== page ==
A new front has opened up in the carbon tax debate: What sort of reward will farmers get for their stewardship efforts?
On March 6, the federal Environment Department — now named Environment and Climate Change Canada — issued a draft of the regulatory framework for its new carbon offset market. This sets the stage for determining what sorts of initiatives will qualify for carbon credits that can then be sold in a carbon trading program.
“This system will encourage cost-effective emissions reductions right here in Canada and create new economic opportunities, particularly in the forestry, agriculture and waste sectors,” Environment Minister Jonathan Wilkinson said in a news release.
But under the system, producers won’t be getting credit for using zero till or having perennial forage coverage — particularly if those efforts were completed prior to 2017.
Ottawa had already telegraphed its intention to not give credits for stewardship efforts made before it instituted a carbon tax. The idea being that carbon credits shouldn’t reward efforts that were “business as usual” and would have happened even without the carbon tax.
But farmers have long argued they should get credit for practices that sequester carbon in the soil, such as zero till and keeping land in forages.
So a few days before the draft of the regulations was announced, 10 national farm groups announced they had banded together to form a lobbying group called the Agriculture Carbon Alliance.
“By advocating for the contributions that farmers have made to a greener Canada, we will continue to support #cdnag growth and sustainability,” the new group tweeted.
“Farmers have a history of rapidly adopting new technologies that have proven to soften their environmental footprint while protecting their profitability. We are here to share those stories with Ottawa.”
The coalition will be co-chaired by two Ottawa officials with long experience in dealing with federal officials: Dave Carey (vice-president, government and industry relations with Canadian Canola Growers Association) and Scott Ross (assistant executive director of the Canadian Federation of Agriculture).
The other eight farm groups in the alliance also know their way around Parliament Hill: Canadian Cattlemen’s Association, Grain Growers of Canada, Canadian Pork Council, Egg Farmers of Canada, Chicken Farmers of Canada, Turkey Farmers of Canada, Canadian Horticultural Council, and Canadian Hatching Egg Producers.
While no price has been put on carbon credits, the amount of money could be enormous, especially as the carbon tax rises to $170 per tonne by 2030. Under the new carbon emission trading system (called the Federal Greenhouse Gas Offset System), “regulated entities” (that is, large emitters) that exceed their emission limits can purchase federal offset credits. The money would go to businesses, municipalities, or individuals such as farmers that earn credits for projects that reduce carbon emissions or take them out of the atmosphere.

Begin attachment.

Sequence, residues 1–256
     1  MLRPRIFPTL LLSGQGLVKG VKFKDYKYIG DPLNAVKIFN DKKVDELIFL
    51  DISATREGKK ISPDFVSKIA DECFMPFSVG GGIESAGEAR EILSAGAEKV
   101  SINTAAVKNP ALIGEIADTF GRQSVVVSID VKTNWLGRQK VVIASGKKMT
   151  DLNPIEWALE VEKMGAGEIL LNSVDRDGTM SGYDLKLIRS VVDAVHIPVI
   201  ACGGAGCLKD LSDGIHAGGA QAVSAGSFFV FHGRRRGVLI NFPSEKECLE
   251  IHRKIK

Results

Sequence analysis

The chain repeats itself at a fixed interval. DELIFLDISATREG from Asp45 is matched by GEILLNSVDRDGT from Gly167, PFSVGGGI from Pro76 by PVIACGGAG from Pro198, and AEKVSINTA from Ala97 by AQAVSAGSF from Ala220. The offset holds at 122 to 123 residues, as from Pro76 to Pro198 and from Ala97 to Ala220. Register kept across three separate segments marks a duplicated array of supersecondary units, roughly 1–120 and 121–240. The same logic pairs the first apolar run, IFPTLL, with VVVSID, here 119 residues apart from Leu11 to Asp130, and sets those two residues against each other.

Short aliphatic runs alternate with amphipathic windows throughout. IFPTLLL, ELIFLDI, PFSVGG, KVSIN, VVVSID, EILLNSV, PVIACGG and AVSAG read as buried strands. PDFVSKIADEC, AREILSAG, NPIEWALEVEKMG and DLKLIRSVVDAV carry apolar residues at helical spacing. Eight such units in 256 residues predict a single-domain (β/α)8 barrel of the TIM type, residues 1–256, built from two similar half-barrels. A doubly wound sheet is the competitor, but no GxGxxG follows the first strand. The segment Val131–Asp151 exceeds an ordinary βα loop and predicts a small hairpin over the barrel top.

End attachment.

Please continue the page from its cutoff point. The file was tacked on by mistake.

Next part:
But it is only for activities “not already incentivized by carbon pollution pricing” — hence Ottawa’s insistence that initiatives that occurred before 2017 don’t apply.
But the process of determining what qualifies for a carbon credit has a way to go.
The draft regulations are in the public comment stage and drafting protocols for specific projects will only start this spring. Finalized regulations and the first set of protocols are due this fall. (The comment period is open until May 5 — to view the draft regs or to comment, go to the ‘Federal Greenhouse Gas Offset System’ at the Government of Canada website.)
Of the four draft protocols created so far, only the one for “enhanced soil organic carbon” will appeal to producers. This protocol will look at the “adoption of sustainable agricultural land management activities, to reduce emissions and enhance carbon sequestration in soils.”
Federal officials say protocols for developing a carbon market related to livestock feed management, avoiding grassland conversion and manure management will be undertaken in the future. In order to qualify, projects and initiatives have to be quantifiable, unique and permanent. As well, these activities cannot be “already incentivized by carbon pollution pricing.”
Essentially that means no double dipping for producers will be available. For example, the draft regulations suggest farmers won’t be able to receive carbon credits from the new Clean Fuel Standard by providing ethanol, and then register that project as a new program to receive additional credits.
But there are expected to be a flurry of new initiatives. The key to them will be having credible ways to measure progress, for example the level of emission reductions from variable-rate fertilizing or how much additional carbon is stored in soil by specific regenerative agriculture practices.